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Doubt about reliability of Afghan partners in war

The shooting deaths of two US military advisers in the Afghan capital and the quick decision to pull coalition personnel from all government ministries injected a sobering measure of doubt about the reliability of the most important US ally in the war.

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Afghans burn tires during an anti-U.S. demonstration over burning of Qurans at a US military base, in Muhammad Agha, Logar province south of Kabul, Afghanistan, Saturday, Feb. 25, 2012.

Obaid Ormur/AP

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The shooting deaths of two U.S. military advisers in the Afghan capital and the quick decision to pull coalition personnel from all government ministries injected a sobering measure of doubt about the reliability of the most important U.S. ally in the war.

The Pentagon condemned what it called the murder of the two American officers, but said it was committed to working closely with the Afghans to counter violent extremism and to stabilize the country.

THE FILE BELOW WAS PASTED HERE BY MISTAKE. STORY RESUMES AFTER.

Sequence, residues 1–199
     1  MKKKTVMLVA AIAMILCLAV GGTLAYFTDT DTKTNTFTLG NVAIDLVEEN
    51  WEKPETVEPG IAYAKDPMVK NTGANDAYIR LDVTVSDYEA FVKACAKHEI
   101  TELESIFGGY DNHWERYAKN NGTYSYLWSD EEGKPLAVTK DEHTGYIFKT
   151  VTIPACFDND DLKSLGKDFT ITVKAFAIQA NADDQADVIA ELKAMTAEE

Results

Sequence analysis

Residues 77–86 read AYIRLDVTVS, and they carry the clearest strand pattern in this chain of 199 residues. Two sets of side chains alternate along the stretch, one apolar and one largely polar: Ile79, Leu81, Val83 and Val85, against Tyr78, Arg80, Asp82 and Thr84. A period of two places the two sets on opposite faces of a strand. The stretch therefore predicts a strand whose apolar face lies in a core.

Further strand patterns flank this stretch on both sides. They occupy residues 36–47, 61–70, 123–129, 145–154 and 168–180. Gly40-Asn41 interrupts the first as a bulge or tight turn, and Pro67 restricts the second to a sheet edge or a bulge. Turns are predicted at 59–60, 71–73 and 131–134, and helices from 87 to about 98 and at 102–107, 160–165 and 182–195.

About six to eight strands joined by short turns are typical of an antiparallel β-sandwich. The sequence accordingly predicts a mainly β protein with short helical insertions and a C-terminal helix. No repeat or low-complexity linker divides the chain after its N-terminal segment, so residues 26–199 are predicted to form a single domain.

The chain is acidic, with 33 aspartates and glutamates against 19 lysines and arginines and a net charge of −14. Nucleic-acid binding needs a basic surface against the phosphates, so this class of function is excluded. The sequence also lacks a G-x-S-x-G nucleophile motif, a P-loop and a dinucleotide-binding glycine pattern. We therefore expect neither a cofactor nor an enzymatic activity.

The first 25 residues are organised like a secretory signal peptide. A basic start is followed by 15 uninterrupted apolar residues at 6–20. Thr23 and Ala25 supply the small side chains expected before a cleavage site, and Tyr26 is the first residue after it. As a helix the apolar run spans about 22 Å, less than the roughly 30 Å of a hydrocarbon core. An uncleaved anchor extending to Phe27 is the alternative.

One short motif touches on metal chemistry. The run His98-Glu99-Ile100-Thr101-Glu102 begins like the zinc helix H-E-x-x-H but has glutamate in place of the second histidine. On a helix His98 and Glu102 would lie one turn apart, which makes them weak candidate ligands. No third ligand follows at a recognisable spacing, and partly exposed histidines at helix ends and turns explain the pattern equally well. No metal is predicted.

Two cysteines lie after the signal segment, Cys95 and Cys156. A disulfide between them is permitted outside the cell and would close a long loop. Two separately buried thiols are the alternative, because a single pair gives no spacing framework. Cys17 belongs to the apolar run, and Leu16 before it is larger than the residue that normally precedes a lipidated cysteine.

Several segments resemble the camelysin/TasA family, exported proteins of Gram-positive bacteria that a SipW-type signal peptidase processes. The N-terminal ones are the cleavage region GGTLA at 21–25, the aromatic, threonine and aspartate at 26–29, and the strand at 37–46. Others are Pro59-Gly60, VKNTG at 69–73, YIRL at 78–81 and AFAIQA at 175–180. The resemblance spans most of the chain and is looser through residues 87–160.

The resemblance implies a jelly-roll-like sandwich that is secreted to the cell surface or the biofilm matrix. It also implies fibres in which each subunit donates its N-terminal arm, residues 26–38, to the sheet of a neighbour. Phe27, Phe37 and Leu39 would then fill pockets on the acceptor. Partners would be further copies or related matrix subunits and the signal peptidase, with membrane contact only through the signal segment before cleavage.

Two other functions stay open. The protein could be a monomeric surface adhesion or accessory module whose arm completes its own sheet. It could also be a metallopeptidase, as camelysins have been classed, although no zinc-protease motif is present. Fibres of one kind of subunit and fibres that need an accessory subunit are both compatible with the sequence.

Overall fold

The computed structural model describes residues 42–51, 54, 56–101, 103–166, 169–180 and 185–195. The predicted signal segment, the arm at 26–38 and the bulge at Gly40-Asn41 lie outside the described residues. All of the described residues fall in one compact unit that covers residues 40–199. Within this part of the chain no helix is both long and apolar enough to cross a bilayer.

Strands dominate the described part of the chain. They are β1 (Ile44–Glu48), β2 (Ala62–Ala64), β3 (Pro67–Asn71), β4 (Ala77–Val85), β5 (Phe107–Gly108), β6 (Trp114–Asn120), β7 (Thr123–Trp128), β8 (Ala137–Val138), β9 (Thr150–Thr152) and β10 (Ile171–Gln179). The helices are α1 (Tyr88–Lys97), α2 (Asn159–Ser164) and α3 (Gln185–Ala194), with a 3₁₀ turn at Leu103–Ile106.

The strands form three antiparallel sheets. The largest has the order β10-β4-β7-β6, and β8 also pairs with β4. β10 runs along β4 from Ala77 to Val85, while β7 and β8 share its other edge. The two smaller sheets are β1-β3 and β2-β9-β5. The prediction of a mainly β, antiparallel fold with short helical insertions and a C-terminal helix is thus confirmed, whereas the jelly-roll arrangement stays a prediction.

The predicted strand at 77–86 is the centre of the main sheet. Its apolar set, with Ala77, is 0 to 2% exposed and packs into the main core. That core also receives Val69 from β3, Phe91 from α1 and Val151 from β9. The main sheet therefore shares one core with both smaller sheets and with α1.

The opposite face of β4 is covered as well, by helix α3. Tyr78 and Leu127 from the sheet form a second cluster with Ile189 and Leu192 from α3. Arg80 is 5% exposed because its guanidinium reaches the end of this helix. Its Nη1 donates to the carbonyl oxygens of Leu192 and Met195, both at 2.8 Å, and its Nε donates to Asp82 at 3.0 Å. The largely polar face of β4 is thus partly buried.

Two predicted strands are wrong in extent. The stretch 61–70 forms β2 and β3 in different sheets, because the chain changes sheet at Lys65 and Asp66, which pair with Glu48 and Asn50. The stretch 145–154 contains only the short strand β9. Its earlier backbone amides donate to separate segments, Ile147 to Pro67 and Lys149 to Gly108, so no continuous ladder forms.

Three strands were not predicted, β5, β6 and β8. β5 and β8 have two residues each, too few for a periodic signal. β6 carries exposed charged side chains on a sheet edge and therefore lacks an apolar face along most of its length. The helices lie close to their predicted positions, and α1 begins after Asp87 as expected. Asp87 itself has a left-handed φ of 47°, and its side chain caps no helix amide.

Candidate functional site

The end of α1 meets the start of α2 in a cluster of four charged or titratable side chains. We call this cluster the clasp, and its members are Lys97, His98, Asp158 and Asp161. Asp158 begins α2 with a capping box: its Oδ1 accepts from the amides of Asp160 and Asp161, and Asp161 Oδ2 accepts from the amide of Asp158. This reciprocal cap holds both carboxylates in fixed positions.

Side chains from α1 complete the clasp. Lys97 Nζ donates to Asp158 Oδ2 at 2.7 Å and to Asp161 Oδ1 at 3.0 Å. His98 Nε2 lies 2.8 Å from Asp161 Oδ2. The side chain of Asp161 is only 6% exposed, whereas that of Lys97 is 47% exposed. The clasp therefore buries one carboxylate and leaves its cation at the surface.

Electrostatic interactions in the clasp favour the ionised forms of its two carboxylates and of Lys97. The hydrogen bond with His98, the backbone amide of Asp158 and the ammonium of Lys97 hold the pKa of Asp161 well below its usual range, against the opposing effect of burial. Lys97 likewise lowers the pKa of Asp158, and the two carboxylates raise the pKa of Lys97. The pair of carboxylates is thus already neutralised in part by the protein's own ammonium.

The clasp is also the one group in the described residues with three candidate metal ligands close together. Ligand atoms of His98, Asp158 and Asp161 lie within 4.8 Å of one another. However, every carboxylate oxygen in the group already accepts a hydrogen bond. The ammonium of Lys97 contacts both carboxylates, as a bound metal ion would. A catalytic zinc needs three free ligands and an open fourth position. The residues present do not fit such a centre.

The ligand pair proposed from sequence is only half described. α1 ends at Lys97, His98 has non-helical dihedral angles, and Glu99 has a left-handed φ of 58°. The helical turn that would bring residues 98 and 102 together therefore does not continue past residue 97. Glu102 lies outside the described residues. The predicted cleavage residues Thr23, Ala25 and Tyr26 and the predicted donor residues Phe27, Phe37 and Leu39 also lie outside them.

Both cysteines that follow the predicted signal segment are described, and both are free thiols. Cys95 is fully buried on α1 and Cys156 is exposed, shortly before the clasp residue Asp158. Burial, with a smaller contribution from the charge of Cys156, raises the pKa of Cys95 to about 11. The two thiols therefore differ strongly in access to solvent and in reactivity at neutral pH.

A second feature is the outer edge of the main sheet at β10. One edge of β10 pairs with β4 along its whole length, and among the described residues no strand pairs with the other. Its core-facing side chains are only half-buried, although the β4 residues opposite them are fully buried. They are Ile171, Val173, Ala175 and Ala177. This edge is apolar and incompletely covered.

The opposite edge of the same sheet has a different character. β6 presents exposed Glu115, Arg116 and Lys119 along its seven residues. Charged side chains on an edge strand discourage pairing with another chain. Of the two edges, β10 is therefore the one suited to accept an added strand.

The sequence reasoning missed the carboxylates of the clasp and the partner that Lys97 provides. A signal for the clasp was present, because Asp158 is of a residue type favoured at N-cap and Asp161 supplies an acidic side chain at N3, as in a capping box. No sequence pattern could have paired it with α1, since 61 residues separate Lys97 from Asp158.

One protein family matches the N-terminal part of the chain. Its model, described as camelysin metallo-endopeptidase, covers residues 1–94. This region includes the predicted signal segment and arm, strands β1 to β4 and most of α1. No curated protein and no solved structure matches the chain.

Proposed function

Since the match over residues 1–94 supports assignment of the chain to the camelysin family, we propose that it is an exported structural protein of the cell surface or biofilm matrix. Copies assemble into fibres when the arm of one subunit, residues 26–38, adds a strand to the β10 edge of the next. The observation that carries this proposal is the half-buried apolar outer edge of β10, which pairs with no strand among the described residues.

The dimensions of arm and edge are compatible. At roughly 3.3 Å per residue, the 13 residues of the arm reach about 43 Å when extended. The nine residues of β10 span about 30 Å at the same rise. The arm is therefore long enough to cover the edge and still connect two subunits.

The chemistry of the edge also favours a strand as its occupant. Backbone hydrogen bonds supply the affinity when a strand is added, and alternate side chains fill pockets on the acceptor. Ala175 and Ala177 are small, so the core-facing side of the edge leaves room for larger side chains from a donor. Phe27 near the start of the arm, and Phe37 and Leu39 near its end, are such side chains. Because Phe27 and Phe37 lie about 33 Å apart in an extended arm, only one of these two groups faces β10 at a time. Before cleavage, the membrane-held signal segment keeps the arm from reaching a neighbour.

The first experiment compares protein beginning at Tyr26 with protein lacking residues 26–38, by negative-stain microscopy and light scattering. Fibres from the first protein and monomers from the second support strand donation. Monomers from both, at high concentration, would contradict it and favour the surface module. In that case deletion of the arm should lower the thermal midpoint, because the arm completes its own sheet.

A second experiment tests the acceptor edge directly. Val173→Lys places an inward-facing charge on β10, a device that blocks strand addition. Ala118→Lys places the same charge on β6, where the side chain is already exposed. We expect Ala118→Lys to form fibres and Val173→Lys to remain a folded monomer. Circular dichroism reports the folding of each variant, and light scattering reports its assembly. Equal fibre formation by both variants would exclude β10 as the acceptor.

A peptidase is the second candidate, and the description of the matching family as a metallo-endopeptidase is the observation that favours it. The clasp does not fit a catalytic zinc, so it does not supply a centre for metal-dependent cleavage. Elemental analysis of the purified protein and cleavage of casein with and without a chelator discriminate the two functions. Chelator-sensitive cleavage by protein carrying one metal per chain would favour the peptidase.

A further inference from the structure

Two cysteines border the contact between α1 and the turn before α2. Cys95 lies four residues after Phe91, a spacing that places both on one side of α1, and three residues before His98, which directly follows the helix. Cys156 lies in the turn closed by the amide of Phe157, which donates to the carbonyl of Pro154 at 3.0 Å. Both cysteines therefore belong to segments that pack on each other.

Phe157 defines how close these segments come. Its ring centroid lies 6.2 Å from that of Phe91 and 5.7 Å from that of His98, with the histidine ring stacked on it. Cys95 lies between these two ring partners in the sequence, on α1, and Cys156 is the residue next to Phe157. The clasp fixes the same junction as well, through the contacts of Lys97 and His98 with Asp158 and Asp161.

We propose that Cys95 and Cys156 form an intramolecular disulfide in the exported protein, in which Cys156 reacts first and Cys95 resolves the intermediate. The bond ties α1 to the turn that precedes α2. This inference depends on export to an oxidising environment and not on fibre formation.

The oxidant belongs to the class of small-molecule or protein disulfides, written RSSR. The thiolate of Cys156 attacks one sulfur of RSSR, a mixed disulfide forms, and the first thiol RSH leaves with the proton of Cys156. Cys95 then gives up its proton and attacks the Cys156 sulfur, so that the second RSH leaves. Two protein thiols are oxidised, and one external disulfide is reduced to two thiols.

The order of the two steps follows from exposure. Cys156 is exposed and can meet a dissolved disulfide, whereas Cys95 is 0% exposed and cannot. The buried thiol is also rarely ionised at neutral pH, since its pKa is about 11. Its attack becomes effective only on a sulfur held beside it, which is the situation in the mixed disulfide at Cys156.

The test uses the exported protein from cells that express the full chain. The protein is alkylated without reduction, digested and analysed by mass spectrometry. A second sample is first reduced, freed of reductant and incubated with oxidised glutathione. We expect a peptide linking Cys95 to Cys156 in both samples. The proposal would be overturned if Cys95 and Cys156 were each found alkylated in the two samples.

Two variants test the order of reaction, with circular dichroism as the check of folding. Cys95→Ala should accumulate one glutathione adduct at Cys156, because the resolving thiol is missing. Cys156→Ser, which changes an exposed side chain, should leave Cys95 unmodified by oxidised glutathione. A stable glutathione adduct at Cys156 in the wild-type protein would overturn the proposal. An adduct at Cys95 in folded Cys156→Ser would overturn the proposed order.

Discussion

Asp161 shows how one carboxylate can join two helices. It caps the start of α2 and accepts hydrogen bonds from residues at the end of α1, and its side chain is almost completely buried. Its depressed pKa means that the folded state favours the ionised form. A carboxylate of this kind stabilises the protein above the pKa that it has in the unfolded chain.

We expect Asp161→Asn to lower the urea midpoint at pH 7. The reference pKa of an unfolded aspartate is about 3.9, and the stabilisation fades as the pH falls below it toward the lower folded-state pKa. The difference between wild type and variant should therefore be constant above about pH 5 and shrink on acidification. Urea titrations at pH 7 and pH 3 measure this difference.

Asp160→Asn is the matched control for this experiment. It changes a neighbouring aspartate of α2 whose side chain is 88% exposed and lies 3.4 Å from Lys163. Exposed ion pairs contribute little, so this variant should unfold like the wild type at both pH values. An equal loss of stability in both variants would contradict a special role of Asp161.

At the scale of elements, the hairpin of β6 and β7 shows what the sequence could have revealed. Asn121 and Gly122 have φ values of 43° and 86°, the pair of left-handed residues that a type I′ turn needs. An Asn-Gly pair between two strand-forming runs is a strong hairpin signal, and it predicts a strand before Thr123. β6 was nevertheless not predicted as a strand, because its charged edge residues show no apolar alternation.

In a written statement, Defense Secretary Leon Panetta's press secretary said Afghan Defense Minister Gen. Abdul Rahim Wardak called Panetta on Saturday to offer his condolences and to apologize. 

"Secretary Panetta appreciated the call and urged the Afghan government to take decisive action to protect coalition forces and curtail the violence in Afghanistan after a challenging week in the country," spokesman George Little said. 

He said Wardak told Panetta that Afghan President Hamid Karzai was assembling religious leaders, parliamentarians, Supreme Court justices and other senior officials "to take urgent steps" to stop the violence. 

The Monitor's Weekly News Quiz for Feb. 18-25, 2012

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